Environmentalists said Offer's new regime does nothing to promote energy efficiency. Unions said the cuts were intolerable and could mean 10,000 job losses in an industry which has shed 30,000 staff - one third of the workforce - in recent years.
The average household electricity bill will come down by up to pounds 90 over the next five years, beginning with cuts of between pounds 12 and pounds 16 next April. Customers will pay pounds 2.5bn less over the five years than without the new price controls. Nevertheless the curbs are much less onerous than the industry had expected and shares in the 12 regional electricity companies rose sharply after the announcement.
Critics pointed out that the imposition of full VAT on domestic fuel bills next April will more than wipe out any advantage of the cuts imposed by Offer. Robin Cook, Labour spokesman on industry, said that even after the price cut the average consumer will pay pounds 36 more a year for electricity because of VAT. He said privatisation has proved a licence to print money for the electricity companies: 'Since privatisation their costs have come down but their prices have not. Electricity companies have been free to coin in the profits by abusing their monopoly. The regulator should have ordered cuts before now. He could have been tougher and he knows it.'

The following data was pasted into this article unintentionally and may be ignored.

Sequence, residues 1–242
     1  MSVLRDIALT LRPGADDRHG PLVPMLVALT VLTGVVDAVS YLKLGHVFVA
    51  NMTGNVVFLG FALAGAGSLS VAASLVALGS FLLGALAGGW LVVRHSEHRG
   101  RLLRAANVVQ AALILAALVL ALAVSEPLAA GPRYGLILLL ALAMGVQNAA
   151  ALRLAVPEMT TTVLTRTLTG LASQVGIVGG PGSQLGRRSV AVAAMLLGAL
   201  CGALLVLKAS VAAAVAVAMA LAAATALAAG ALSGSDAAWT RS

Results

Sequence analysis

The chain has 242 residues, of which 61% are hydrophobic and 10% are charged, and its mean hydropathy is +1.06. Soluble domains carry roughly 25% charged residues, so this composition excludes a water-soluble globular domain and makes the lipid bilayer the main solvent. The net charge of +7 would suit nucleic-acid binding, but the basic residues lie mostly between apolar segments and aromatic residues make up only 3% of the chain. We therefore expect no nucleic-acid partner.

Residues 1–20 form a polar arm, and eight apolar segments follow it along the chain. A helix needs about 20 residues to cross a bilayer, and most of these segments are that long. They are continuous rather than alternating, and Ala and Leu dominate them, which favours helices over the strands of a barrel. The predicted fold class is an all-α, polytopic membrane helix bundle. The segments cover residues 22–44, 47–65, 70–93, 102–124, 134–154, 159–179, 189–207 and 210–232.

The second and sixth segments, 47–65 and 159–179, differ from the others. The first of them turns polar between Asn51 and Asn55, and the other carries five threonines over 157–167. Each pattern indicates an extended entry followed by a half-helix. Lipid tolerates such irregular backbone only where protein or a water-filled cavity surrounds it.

Offer's own Electricity Consumer Committees said the price cuts were 'pretty small beer'.
The Consumers' Association said: 'These cuts are nothing like as tough as we expected, given the massive profit levels chalked up by the electricity companies.'
The National Consumer Council said Professor Stephen Littlechild, director general of Offer, had been too generous to the companies. 'He is the only person standing between the monopoly and the customer and he should have gone much further. The experience with regulators so far is that they benefit the companies more than consumers.'
The price of power, page 2
Dividends to rise, page 23
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